Laboratory of Blood Cell Development

Lab head: Dr. Stuart Fraser
Location: Room 233, Medical Foundation Building

Our group is interested in the processes that regulate the formation and production of blood cells. This first occurs in the developing embryo. In fact, blood cells are the first mature cell types to form in the embryo. We are interested in how red blood cells form as well as haematopoietic stem cells (HSC), the "master" cells that can give rise to all blood cells.


We are interested in;

*Red blood cell formation in the embryo

*Production of HSC in developing embryo

*The processes regulating the condensation and expulsion of the nucleus from developing red blood cells.

*The evolutionary and molecular biology behind red blood cell enucleation.

*Understanding how macrophages regulate blood cell production.

*Relating our findings to human blood diseases. 

Lab members: Miss Veronica Antas-Masters Student Dr. Angeles Sanchez-Perez, Senior Research Associate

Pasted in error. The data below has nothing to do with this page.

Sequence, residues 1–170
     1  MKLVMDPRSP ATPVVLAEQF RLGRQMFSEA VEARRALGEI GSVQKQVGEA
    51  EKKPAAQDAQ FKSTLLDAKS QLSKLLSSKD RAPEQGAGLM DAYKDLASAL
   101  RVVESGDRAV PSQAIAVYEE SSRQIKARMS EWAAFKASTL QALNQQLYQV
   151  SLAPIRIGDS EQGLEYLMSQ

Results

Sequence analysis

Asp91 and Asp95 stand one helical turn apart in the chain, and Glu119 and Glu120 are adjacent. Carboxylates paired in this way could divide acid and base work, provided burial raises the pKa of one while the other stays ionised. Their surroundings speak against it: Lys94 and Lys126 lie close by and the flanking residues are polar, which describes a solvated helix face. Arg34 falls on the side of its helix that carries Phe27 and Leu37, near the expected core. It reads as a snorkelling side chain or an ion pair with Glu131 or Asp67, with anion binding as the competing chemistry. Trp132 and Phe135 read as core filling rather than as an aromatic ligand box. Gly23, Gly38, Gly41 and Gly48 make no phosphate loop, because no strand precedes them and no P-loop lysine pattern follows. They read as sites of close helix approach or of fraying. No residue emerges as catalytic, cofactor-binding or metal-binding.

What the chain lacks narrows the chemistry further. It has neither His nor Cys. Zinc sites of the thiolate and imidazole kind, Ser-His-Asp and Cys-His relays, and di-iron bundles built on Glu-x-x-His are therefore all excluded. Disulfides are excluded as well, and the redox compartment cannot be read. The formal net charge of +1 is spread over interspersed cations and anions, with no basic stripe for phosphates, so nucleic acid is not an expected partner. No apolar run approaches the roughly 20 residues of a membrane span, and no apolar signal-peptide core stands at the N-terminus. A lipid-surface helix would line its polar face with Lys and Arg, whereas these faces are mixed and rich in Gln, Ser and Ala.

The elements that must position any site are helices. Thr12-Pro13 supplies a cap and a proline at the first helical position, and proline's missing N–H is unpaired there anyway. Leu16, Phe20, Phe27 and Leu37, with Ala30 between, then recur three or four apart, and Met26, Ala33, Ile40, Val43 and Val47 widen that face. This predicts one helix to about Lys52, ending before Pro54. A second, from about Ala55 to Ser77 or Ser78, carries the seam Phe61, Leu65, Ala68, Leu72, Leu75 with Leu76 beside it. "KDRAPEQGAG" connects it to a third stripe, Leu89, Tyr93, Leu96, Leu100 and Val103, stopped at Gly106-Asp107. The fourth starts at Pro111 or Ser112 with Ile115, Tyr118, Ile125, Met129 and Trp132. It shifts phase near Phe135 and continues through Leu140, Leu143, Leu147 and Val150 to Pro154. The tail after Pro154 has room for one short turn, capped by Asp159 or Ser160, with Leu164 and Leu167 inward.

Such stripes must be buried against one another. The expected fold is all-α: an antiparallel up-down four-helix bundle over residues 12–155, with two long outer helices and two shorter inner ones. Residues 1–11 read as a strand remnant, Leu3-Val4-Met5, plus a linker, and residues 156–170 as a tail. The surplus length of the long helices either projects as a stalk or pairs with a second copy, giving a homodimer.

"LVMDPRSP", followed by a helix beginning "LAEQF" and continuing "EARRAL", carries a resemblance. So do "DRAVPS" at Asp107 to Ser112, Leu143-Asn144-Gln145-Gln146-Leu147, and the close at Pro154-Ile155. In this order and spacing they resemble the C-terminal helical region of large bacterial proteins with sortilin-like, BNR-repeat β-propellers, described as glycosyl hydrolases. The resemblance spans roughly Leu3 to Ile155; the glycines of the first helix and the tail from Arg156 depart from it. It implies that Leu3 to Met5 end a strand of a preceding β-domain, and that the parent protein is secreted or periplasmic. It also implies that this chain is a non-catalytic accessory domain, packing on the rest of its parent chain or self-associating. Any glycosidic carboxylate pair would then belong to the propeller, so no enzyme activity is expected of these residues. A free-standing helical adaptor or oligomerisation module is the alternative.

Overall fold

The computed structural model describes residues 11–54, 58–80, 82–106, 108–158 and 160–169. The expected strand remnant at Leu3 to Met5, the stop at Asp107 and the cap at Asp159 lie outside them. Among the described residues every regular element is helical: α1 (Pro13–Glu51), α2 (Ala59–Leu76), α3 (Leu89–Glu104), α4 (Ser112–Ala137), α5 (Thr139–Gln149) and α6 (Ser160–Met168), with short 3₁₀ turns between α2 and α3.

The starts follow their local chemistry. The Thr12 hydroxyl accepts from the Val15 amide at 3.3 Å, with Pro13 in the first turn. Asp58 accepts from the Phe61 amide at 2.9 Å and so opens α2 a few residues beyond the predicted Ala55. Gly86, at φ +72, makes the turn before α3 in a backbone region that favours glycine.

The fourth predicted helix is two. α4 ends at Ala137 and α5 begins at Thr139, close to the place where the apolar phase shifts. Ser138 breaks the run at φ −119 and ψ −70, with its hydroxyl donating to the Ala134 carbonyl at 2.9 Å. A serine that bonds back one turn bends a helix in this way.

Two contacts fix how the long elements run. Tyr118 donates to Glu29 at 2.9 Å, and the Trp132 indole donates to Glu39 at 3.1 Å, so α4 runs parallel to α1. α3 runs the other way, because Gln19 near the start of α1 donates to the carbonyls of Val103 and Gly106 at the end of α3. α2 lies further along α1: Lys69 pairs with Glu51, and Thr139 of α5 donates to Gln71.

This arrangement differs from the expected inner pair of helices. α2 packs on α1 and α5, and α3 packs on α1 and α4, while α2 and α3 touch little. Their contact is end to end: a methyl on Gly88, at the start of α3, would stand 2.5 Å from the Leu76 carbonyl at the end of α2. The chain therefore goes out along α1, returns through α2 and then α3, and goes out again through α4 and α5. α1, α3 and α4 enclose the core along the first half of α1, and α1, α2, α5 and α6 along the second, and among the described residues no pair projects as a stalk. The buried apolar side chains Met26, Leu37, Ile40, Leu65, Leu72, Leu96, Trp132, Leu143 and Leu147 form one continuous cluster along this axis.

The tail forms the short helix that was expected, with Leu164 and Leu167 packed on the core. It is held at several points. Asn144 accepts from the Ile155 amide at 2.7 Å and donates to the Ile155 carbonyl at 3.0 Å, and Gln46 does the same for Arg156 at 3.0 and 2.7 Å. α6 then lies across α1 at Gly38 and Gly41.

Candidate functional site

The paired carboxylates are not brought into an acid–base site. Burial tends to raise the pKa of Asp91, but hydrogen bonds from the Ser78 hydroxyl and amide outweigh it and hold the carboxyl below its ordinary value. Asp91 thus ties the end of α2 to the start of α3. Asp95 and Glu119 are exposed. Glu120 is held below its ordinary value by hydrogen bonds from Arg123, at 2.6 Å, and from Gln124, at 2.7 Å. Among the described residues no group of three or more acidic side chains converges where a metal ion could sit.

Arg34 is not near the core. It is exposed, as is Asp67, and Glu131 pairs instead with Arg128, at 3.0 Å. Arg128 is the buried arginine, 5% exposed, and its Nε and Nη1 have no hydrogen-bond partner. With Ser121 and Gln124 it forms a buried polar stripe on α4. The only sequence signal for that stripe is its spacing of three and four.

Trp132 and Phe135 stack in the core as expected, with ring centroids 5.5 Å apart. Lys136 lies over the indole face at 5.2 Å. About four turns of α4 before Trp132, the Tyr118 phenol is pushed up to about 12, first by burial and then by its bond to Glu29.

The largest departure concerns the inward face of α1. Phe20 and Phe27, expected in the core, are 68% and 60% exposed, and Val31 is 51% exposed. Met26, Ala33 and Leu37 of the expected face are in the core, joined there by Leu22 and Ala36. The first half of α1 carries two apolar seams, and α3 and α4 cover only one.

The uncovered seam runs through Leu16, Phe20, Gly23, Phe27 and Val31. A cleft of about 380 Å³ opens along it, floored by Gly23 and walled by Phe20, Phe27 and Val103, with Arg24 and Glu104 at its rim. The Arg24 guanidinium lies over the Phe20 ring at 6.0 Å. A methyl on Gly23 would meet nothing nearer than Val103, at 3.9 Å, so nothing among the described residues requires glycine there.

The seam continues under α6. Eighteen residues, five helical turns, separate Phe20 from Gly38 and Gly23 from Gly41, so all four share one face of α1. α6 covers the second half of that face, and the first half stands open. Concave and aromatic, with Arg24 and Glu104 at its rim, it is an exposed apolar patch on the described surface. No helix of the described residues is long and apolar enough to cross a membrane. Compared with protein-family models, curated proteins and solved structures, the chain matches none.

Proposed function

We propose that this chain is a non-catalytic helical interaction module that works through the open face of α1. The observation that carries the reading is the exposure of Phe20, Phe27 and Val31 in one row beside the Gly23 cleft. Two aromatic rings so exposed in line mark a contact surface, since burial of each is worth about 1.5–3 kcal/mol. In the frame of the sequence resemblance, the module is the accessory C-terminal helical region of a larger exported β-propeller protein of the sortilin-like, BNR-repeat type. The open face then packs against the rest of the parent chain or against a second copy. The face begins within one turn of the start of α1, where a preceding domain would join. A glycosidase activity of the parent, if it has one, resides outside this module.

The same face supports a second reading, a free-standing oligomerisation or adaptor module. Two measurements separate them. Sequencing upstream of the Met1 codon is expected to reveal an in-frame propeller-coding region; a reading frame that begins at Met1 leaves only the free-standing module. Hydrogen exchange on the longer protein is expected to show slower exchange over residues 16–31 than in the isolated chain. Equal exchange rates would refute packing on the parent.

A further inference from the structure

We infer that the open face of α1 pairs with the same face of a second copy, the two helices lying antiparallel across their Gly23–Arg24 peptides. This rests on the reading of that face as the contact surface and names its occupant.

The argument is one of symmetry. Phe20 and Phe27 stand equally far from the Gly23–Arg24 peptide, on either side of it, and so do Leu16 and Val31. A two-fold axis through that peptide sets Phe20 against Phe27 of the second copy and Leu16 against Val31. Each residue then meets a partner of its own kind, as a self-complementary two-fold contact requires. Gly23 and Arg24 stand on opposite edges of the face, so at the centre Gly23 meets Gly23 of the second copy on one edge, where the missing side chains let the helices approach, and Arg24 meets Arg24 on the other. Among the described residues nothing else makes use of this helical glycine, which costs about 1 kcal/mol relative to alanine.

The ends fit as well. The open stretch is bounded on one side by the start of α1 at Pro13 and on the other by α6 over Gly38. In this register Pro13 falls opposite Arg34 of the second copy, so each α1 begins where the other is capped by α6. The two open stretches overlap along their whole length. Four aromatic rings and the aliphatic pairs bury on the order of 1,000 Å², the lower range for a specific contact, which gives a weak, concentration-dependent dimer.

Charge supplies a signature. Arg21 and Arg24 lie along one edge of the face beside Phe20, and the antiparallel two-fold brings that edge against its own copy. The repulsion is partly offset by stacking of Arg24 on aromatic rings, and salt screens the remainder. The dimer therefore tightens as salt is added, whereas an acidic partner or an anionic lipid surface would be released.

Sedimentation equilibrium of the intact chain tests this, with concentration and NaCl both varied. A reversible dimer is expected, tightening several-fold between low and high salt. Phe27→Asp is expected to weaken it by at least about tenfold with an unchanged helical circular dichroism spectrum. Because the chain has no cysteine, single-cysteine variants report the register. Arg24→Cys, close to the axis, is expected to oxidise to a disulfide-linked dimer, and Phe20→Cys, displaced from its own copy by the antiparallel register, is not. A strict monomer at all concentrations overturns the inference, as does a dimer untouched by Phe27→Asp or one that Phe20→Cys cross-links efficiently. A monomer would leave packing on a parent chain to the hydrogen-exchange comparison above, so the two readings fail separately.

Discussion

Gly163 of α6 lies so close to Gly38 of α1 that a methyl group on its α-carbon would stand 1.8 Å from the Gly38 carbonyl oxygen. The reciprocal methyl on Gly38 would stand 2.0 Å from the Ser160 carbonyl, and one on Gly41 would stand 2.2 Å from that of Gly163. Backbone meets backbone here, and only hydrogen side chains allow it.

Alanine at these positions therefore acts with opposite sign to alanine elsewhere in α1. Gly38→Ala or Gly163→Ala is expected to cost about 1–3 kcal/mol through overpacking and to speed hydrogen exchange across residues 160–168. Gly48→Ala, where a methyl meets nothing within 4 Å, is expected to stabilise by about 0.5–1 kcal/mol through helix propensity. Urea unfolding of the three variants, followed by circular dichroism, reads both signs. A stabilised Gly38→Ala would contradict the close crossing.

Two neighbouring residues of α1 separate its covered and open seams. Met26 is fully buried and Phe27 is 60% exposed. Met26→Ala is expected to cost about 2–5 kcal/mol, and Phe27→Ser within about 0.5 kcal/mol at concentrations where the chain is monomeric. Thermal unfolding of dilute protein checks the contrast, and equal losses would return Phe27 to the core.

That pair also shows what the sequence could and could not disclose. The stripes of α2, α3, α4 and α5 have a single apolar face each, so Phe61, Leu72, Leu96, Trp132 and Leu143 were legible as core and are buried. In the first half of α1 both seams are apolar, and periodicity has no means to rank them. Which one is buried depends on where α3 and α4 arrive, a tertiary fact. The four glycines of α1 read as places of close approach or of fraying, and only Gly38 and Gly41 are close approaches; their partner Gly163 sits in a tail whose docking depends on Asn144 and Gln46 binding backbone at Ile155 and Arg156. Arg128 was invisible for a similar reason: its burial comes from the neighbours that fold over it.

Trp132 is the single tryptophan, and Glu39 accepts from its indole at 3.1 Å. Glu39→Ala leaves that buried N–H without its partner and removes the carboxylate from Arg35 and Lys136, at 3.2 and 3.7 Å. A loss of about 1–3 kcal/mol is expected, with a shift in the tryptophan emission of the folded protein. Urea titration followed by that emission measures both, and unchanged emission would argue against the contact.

Research approach equipment: Flow cytometry, cell culture, embryonic stem cells, hematopoietic stem cells, immunohistochemistry

Enucleation of red blood cells.

Primary supervisor: Stuart Fraser

Healthy adult humans generate 2 million new red blood cells every second. The final stage of red blood cell, or erythroid, differentiation is the condensation and expulsion of the nucleus to produce an erythrocyte without a nucleus to circulate freely in the blood stream. This process is unique to mammals. We aim to explore the regulation of this process and to get a better understanding of how this may go awry in disease and why it is restricted to mammals by examining the evolutionary biology of red blood cell development. 

Discipline: Physiology
Keywords: Cell & Molecular Biology, Haematology